Skip to content

DIY Pressed Perfume: An Easy Recipe For Your Own Signature Scent 

Kristen Schuhmann
Contributing writer By Kristen Schuhmann
Contributing writer
Kristen Schuhmann is an herbalist, instructor, ESL teacher, and author of All-Natural Perfume Making.
DIY pressed perfume

Image by mbg Creative / Courtesy of the author

Our editors have independently chosen the products listed on this page. If you purchase something mentioned in this article, we may earn a small commission.

Making your own perfume means you have more control over the ingredients—which is ideal if you want something more natural—but also the final scent profile. After all, finding your signature scent is a deeply personal thing.

It is a little more involved to make a solid perfume, as this method requires heating your ingredients. However, solid perfumes are ideal for on-the-go travel and application (no spillage and they tend to not take up as much space!). This recipe shows you how to make 1 ounce of solid perfume, but feel free to adjust the proportions if your finished container is smaller or larger.

You will need:

  • A double boiler setup
  • 1 tablespoon carrier oil, such as jojoba, sweet almond, or grapeseed oil
  • 2 teaspoons beeswax or a vegan wax like carnauba wax
  • A wooden spoon or chopstick for stirring
  • 1 vitamin E softgel capsule (this is an optional ingredient, but you can add if you wish to extend your perfume's shelf life longer than 6 months—otherwise, plan to use your perfume within 3 to 6 months)
  • Your essential oil blend
  • A small container for your finished solid perfume

Your step-by-step guide to making a solid perfume.

Here, an easy-to-follow recipe:

1. Prep your double boiler.

I use a glass Pyrex measuring cup placed in a pot filled with a few inches of water. If you have a true double boiler, that works too. Have all your materials set up and ready to go, including the container you want your solid perfume to go in, because this process goes fast.

2. Bring the water to just below boiling.

Bring the water in your pot or the bottom of your double boiler to hot but not boiling. The water should not actually boil during this entire process; you just need it warm enough to melt the wax.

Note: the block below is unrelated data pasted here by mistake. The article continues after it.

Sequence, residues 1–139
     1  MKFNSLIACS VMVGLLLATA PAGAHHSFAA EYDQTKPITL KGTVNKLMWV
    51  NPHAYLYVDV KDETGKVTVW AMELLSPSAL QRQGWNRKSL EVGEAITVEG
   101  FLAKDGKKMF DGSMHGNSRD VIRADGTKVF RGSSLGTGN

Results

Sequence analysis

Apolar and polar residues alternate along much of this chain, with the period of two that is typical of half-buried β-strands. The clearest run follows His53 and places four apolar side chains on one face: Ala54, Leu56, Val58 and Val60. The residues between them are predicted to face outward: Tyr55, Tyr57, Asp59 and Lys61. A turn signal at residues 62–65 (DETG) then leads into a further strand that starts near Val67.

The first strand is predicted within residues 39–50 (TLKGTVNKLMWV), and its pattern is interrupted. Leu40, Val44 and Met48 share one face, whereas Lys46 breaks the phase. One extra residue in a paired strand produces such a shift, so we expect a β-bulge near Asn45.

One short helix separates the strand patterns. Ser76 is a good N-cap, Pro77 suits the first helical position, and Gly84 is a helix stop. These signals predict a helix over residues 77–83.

3. Add your carrier oil.

If the container you will be putting your finished solid perfume in is 1 ounce, pour 1 tablespoon of your carrier oil into the Pyrex measuring cup or the top of the double boiler.

4. Introduce the wax.

Add 2 teaspoons wax to the oil and occasionally stir with a wooden spoon or chopstick until the wax is completely melted. For a harder texture of solid perfume once it's cooled, add equal parts oil and wax. In this case, you would use 1 tablespoon of oil and 1 tablespoon of wax.


5. Blend in the vitamin E.

Once the wax has liquefied, add vitamin E if you want (puncture one soft-gel capsule, squeeze the liquid into the wax mixture, and combine), then take it off the heat.

6. Add your essential oils.

Quickly add 15 to 17 drops of your essential oil blend to the wax mixture and combine before it solidifies.


7. Transfer to your container.

Carefully pour your perfume into its container. The smaller the container, the faster it will cool and solidify. Try not to move or disturb the perfume in any way as it cools so that it has a nice smooth finish. You can put the cap on it once it has cooled to room temperature, but place it somewhere it can rest and continue to harden for at least 24 hours.

How to go vegan.

To make vegan solid perfumes, use carnauba wax instead of beeswax. You can also experiment with substituting shea butter, but it will result in a softer product. Start with equal parts shea butter and liquid oil.

Another option for making vegan solid perfume is coconut oil, which is solid at room temperature. Melt it in a double boiler on low, and when it is completely liquefied, take it off the heat, pour into containers, and add the desired essential oils right away before the oil cools. Try adding an equal amount of olive or jojoba oil to the melted coconut oil for a softer texture. Unrefined coconut oil has a tropical scent, but you can use refined coconut oil for a base with no scent.

And do you want to turn your passion for wellbeing into a fulfilling career? Become a Certified Health Coach! Learn more here.

More On This Topic


Health Coach Certification

Health Coach Certification
More Lifestyle

Popular Stories


Latest Articles

Latest Articles

Your article and new folder have been saved!